Secretary Jeh Johnson - Former Secretary of Homeland Security Pens Op-Ed for Washington Post


The Common Good is very proud of the work our Honorary Advisory Board members do and insight they provide. Recently, TCG Honorary Advisory Board member Jeh Johnson, former Secretary of Homeland Security, penned an op-ed for the Washington Post on immigration policy - "Trump-era politics are drowning out consensus on immigration. It’s time for some straight talk". Drawing upon his three years of experience overseeing border security and immigration enforcement, Johnson provides invaluable guidance to resolving current immigration issues with compassion while protecting our national security:


Americans are and should be outraged at reports of migrants detained in dirty, overcrowded conditions near the Southern border. This is not how the United States should endeavor to treat people desperate for a better life. Meanwhile, highly offensive social media conversations that reportedly occurred among Border Patrol personnel are unforgivable but are at odds with my own observations of Border Patrol agents, who go above and beyond the call of duty to provide humanitarian assistance to migrants found tired and hungry on our Southern border.

It’s time for some straight talk on immigration...To govern in the immigration space and accomplish meaningful change requires compromise across Democratic and Republican lines. Very few solutions are black or white. Polls reflect that most Americans want to see two basic things when it comes to immigration: that we are fair and compassionate to those immigrants who have become honest and integrated members of our society (most notably the “dreamers”) and that we secure our borders...

As someone who for three years owned the difficult issue of immigration generally and enforcing border security specifically, I know these hard lessons:

First, high volumes of illegal immigration on our Southern border (and the tragic overcrowding at holding centers that follows) cannot be truly solved unless we make the long-term investment to reduce poverty and violence in Central America…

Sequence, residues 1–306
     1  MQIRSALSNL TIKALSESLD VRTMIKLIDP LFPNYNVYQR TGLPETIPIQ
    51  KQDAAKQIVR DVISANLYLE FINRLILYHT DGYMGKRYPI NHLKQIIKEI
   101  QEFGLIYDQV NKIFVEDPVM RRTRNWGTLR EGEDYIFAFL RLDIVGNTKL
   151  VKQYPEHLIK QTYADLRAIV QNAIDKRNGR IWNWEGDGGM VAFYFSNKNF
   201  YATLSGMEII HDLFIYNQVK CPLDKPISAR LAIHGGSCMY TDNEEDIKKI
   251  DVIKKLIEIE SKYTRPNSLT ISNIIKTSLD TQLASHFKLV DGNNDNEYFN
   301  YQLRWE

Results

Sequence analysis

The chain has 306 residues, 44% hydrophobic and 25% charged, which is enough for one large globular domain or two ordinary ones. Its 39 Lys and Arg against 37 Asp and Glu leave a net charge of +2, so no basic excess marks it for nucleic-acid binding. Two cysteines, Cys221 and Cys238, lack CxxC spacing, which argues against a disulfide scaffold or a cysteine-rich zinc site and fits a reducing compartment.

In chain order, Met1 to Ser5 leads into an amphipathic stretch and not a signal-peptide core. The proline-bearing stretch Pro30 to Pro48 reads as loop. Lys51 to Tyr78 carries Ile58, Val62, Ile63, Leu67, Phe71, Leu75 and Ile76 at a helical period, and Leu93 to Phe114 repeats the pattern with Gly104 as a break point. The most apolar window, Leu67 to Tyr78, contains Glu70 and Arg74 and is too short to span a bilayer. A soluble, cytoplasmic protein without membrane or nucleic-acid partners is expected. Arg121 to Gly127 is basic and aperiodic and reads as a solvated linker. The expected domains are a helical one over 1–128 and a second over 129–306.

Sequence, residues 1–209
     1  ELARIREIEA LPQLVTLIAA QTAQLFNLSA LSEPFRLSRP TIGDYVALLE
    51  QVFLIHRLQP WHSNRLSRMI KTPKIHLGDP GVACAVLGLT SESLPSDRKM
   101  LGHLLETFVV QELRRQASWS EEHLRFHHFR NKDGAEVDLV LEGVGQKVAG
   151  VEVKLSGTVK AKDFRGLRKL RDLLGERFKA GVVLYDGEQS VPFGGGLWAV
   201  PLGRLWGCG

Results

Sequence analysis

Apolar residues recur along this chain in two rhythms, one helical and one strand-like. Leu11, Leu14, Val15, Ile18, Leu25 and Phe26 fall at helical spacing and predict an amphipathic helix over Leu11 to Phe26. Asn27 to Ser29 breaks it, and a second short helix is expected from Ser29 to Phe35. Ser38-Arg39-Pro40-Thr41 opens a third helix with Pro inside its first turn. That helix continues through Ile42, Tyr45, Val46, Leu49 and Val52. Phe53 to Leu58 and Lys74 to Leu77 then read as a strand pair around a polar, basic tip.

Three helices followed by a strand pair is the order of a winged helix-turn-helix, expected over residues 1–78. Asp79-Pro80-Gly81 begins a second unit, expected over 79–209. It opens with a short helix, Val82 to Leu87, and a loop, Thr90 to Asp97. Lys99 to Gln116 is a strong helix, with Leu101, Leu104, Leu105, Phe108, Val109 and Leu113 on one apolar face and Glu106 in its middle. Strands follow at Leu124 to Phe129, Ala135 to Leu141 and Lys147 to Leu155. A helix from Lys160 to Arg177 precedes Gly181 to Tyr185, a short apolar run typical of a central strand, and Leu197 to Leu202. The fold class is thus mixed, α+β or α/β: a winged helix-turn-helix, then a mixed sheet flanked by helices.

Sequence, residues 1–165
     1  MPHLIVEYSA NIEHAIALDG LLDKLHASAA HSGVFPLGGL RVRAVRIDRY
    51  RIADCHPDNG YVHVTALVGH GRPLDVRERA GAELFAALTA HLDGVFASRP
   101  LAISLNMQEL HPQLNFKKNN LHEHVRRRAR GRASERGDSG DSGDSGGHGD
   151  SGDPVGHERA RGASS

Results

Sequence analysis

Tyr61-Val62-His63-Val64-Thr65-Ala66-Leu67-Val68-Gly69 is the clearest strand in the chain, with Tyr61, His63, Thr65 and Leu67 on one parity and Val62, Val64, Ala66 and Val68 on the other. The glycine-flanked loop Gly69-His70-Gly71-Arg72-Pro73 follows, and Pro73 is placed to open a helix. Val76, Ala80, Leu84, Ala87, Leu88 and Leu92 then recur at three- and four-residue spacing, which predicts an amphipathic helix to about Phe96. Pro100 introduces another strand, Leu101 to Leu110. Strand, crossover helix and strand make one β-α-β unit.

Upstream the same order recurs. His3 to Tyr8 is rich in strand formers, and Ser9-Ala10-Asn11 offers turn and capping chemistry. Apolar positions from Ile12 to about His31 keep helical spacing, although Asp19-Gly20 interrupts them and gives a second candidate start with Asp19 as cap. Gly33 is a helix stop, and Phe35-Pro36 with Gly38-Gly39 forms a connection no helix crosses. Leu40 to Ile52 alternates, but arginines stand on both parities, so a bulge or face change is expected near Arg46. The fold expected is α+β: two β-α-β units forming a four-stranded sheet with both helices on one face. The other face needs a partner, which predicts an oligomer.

Second, we cannot…publicly embrace a policy to not deport those who enter or remain in this country illegally unless they commit a crime. This is tantamount to a public declaration…that our borders are effectively open to all; this will increase the recent levels of monthly apprehensions at our Southern border…by multiples. For the same reason, we cannot formally decriminalize unauthorized entry into this country, though first-time illegal border crossers are in fact rarely prosecuted for that misdemeanor…

Third, House Speaker Nancy Pelosi has attracted criticism from the left for accepting last week a more moderate version of legislation to provide humanitarian aid to migrants at the border…Give her a break. Those who govern in a democracy know that progress requires compromise, and the speaker made the obvious calculation that it was more important to deliver prompt help to those facing inhumane conditions on the border than it was to delay and hold out for everything House Democrats wanted.

All this comes amid a larger alarming trend in today’s politics, on both sides of the aisle. To win support from a vocal and committed segment of a major party’s base — and simply for the sake of a good applause line — candidates for office now espouse extreme policy proposals that are unworkable and have no hope of winning the broad support of Congress and the people they represent.

As a child of the 1960s, I’m as idealistic as anyone. As someone who has held public office and took that responsibility seriously, I also know to be realistic. Those who aspire to public office should not espouse campaign promises that have no prospect for success — this is a disservice to our democracy and assumes voters are fools.

Here is a radical proposal: a presidential candidate who is willing to educate, enlighten and tell voters the hard truths. This trait has all but evaporated in U.S. politics, but it is the single best job qualification for those who aspire to lead. I’m a Democrat, and whoever among the current Democratic field of candidates demonstrates this profile in courage will earn my vote.”

To read Johnson's op-ed in full, click here.